While there was an ultimately futile attempt to introduce football under lights at the MCG in 1879, it wasn’t until a century later that the prospect of lighting the arena for sporting events again came under serious consideration.
Cricket authorities in particular wanted to promote day/night matches for television audiences, but the initiative also proved extremely beneficial for football, and both sports played their first matches under the MCG lights in 1985.
Now an instantly recognisable landmark of Melbourne, the lights have revolutionised sport at the ground and become an integral part of stadium operations, night cricket and football proving immensely popular with the sporting public.
InstallationThe construction of the light towers was completed in December 1984 in a joint initiative between the MCC and Cricket Victoria.
The MCG was first lit up at 9:30pm on the night of December 3, 1984 by the then State Premier and MCG Trustee the Honourable John Cain.
The MCG light towers were first used for an event on February 17, 1985 for a World Championship of Cricket match between Australia and England.
ConstructionThe light tower system comprises of six light towers which stand approximately 75 metres high (equivalent to a 24-story building) with the head frame a further 10 metres higher (85 metres overall).
The foundations for the towers consist of four reinforced concrete piers which are set down in depth from seven to 12 metres depending on the sub surface structure. Each of the hollow tubular steel towers contains about 130 tonnes of steel. The diameter reduces from 4.2 metres at the base to two metres at the top.
There are between 12 and 14 landings connecting ladders inside each tower. The head frames of the towers are angled in at 15 Degrees in order to provide optimum levels of light.
Power to the light towers is supplied off an 11kV electrical ring main into a transformer inside the base of each tower, which reduces the voltage down to 415 volts. The total power consumption at any given time is approximately 1800 Kilowatts.Total Consumption for a year would be approximately 360,000kWh, this is based upon a running time of 400 hours over a twelve month term.
Due to the configuration of the power supply at the ground it is a highly unlikely that power would be lost to the whole ground as we have multiple feeds supplying the ground. Portions of Melbourne would also lose power if there were to be an interruption of power supply.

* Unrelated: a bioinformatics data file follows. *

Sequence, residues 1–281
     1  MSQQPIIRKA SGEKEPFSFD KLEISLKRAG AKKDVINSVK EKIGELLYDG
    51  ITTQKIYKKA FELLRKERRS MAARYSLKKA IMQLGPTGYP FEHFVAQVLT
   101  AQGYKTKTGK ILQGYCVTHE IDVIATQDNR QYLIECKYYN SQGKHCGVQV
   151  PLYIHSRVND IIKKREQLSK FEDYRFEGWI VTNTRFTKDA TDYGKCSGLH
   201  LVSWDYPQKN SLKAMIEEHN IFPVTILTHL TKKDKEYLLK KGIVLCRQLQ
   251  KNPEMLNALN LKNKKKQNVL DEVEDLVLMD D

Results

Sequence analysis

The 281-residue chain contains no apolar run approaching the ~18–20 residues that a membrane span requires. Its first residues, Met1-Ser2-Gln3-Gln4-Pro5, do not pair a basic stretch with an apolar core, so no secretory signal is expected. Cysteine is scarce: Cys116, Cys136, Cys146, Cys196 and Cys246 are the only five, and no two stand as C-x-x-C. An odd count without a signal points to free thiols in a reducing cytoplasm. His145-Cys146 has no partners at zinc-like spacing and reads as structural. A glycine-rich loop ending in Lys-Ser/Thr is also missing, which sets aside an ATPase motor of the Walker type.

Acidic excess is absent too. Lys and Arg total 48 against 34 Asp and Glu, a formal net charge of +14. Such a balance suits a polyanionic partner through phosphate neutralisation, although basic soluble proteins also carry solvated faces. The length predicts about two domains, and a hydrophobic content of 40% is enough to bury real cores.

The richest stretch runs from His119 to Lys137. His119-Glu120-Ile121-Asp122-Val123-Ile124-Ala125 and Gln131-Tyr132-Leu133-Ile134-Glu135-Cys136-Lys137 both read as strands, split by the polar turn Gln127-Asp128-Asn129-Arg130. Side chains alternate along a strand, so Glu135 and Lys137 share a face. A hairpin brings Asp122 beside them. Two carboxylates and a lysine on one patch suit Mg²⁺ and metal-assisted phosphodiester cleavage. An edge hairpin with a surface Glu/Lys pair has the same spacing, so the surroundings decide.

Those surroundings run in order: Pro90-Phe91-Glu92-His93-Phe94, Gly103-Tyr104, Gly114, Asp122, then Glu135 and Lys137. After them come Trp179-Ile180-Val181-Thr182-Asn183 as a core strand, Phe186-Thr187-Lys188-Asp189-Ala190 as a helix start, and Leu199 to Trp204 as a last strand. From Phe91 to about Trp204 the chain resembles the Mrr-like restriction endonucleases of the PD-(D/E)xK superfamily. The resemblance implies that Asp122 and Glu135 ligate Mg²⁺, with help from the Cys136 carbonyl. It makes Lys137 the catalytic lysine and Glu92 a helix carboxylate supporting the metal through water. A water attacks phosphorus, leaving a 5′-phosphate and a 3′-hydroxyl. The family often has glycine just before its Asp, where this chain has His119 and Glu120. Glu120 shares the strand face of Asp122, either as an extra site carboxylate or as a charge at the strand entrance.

Lamps (Light globes)Each light tower has an average of 140 no. 2KW (2000-Watt) Metal Halide lamps within the head frame. The number of lamps in each tower varies relative to their position to the central wicket area. The lamps have an effective life of approximately 5000 running hours and about 30 lamps on average are replaced each year.
The vertical design level of illumination is 1500 lux. The levels of lighting are achieved by the computer generated individual setting of all 844 lamps to predetermined angles to provide maximum coverage of the arena without any shadowed or dark spot areas. Computer simulation of tower shadows was used to position towers so as to minimise shadows on the pitch area.
The number of running hours for the light towers for a year depends upon the number of events held at night or over a day/night period i.e. football and cricket as well as other one off events like soccer, international rules, concerts, rugby etc.
Where are the lights turned on?The light towers are controlled by computer program which when activated stages lighting on level by level. The Light Tower lighting system has two built in redundancies should the computer system fail:
(a) Manually turn the system on via a console located in a Plant room in the Great Southern Stand, or
(b) Turn each tower on individually at the tower’s own dedicated controls located in each tower.
The lights take approximately 10 minutes to become fully illuminated. If the lights are turned off they cannot be turned back on for another 15 minutes as they require time to cool down and then warm back up (re-strike time).